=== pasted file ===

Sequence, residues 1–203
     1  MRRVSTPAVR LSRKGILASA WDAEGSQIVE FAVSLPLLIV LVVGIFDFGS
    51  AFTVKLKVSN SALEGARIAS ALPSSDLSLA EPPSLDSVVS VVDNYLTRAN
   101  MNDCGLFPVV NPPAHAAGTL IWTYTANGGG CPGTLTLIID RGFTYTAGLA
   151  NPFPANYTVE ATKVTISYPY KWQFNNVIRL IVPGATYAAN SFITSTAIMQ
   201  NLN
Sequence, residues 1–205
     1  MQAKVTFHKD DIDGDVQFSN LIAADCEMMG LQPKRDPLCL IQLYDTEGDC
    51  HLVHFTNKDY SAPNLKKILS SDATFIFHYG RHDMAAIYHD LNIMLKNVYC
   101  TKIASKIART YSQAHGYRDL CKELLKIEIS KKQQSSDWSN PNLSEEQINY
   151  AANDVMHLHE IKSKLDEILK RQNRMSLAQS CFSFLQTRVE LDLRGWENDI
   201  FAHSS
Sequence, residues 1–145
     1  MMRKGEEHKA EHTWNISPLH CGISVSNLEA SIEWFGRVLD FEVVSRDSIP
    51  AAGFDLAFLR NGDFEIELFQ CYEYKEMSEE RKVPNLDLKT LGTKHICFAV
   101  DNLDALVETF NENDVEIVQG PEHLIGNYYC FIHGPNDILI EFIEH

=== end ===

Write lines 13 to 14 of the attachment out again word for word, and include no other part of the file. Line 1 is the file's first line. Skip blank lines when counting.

Sequence, residues 1–145
     1  MMRKGEEHKA EHTWNISPLH CGISVSNLEA SIEWFGRVLD FEVVSRDSIP